Miami-Dade County’s largest resort is no longer in special servicing.
The $975 million commercial mortgage-backed securities loan for Jeffrey Soffer’s Fontainebleau Miami Beach returned to the master servicer on Sept. 23 following successful negotiations with lenders, according to Trepp data updated this week.
The loan was transferred to the special servicer as “a matter of procedure” in April following a modification request, the borrower said at the time. Payments on the loan remained current throughout the special servicing period, so it was never delinquent.
The owners are optimistic about the future. “We’re fortunate to be located in South Florida, which is on the better end of the recovery curve,” Fontainebleau Development President Brett Mufson said. “We expect the season to be a strong one.”
According to servicer commentary, the forbearance agreement will defer monthly furniture, fixtures and equipment (FF&E) reserve payments to 2021, and exclude the property’s 2020 financials for the purposes of calculating debt yield. Fontainebleau will continue to make regular debt service and escrow payments as before.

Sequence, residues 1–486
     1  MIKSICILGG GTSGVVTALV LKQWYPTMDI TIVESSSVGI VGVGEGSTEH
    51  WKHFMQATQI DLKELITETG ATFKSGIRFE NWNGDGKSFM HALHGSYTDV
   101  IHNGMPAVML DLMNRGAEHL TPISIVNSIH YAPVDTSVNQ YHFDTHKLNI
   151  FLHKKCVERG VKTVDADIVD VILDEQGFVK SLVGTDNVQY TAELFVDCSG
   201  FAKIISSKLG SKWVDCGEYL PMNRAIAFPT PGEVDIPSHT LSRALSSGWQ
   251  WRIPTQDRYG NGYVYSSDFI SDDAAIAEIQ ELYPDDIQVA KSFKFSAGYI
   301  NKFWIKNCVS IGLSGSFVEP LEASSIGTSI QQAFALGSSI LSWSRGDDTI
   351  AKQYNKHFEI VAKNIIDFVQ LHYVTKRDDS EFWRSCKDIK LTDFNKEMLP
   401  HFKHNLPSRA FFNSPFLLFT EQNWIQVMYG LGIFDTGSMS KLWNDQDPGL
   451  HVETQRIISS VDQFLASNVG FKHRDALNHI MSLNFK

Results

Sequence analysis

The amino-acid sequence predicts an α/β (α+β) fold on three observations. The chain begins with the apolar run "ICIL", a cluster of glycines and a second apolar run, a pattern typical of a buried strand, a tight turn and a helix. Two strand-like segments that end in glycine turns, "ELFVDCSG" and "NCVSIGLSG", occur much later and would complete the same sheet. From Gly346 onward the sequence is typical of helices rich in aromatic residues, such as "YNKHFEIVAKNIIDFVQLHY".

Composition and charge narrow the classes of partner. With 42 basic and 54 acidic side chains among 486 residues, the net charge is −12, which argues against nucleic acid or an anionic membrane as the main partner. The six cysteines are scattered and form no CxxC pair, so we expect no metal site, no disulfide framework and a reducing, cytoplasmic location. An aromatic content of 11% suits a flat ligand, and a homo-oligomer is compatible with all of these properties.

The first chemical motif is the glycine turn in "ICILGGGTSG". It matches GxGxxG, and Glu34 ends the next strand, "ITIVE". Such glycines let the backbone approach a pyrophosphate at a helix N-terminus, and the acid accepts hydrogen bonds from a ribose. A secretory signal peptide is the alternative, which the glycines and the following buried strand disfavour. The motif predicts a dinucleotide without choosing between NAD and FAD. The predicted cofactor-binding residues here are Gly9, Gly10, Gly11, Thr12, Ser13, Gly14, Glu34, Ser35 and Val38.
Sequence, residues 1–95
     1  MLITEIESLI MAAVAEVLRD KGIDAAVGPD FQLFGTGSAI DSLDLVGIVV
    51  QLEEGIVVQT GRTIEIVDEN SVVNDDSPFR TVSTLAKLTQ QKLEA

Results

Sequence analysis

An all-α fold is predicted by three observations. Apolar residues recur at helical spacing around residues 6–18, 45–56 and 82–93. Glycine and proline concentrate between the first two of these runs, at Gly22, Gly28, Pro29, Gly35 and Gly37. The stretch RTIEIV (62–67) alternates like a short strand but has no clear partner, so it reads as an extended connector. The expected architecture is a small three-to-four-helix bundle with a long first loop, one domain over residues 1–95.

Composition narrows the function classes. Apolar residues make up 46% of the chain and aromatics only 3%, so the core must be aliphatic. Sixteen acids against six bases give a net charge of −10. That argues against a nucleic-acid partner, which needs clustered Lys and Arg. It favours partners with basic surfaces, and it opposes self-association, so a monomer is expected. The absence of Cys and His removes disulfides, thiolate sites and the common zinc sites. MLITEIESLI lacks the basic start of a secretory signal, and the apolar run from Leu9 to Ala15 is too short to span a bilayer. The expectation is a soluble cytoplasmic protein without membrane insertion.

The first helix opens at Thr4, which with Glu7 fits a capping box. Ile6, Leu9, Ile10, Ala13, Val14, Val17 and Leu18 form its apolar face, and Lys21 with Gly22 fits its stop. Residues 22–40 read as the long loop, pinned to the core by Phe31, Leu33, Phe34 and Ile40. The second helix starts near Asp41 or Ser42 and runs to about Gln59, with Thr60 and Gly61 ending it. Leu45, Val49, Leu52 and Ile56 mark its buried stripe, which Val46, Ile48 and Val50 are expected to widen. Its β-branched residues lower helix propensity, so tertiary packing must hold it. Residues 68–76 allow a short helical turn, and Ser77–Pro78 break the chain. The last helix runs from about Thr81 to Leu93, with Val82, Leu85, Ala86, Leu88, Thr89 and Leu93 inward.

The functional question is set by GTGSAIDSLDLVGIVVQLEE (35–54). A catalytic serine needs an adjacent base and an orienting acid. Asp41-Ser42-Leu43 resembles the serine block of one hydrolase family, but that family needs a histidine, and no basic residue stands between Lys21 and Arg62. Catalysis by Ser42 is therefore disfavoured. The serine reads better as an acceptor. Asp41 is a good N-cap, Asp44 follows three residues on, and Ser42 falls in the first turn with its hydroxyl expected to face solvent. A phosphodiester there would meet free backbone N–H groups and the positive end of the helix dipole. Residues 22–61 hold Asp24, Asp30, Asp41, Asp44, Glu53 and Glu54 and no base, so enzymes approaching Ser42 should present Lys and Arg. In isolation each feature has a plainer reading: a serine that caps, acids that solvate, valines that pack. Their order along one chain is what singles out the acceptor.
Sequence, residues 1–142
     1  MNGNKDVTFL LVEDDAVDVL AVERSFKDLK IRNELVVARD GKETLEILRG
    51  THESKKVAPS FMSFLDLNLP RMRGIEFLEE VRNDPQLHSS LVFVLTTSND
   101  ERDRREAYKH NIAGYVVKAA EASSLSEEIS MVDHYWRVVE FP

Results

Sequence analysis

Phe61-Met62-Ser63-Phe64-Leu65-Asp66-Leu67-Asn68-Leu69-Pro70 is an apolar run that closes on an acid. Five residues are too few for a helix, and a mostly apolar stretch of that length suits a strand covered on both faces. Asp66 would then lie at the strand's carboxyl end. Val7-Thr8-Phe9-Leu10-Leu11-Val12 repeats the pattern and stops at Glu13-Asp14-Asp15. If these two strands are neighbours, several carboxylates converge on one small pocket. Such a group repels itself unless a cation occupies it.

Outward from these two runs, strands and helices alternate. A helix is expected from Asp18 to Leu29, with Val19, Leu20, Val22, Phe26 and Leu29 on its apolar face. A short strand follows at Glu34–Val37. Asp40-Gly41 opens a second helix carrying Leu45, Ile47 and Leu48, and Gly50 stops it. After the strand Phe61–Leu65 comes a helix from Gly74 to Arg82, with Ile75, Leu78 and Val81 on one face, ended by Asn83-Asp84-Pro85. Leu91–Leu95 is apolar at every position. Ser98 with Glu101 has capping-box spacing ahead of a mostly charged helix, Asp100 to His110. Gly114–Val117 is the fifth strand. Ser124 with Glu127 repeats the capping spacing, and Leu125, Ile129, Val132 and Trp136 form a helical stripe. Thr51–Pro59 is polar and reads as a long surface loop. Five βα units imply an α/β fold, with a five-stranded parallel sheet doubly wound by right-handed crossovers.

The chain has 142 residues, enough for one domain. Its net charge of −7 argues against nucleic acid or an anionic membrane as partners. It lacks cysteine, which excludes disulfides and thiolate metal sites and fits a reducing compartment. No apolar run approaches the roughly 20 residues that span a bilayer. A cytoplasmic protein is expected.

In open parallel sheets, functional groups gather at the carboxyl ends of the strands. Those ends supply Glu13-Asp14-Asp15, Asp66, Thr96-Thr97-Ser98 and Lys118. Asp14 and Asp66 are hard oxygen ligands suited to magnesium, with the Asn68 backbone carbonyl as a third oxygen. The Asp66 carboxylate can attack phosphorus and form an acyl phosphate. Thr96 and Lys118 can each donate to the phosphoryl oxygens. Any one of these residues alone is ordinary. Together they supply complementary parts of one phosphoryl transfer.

FF&E reserves amount to 3.5 percent of gross receipts each month, or about $12 million per year, according to loan documents.
The CMBS debt on the Fontainebleau is quite new. Soffer’s firm secured it as part of a $1.175 billion refinancing from Goldman Sachs, Morgan Stanley and JP Morgan last fall. The 15-acre oceanfront Miami Beach property includes two hotel towers with 846 rooms and two condo towers with 748 units, the majority of which can also be rented to hotel guests at any given time.
At this stage of the pandemic, South Florida’s hotel market appears to be faring much better than most of the country, according to a recent Trepp analysis.
The Miami area’s $4.3 billion in outstanding CMBS hotel debt is the second largest in the country after Las Vegas, but only 8 percent of that is currently delinquent. By contrast, the delinquency rate is 32 percent in New York, 55 percent in Chicago, and 26 percent in Los Angeles. Meanwhile Las Vegas, which entered “phase two” of its reopening as early as May, has a negligible delinquency rate of less than 0.1 percent.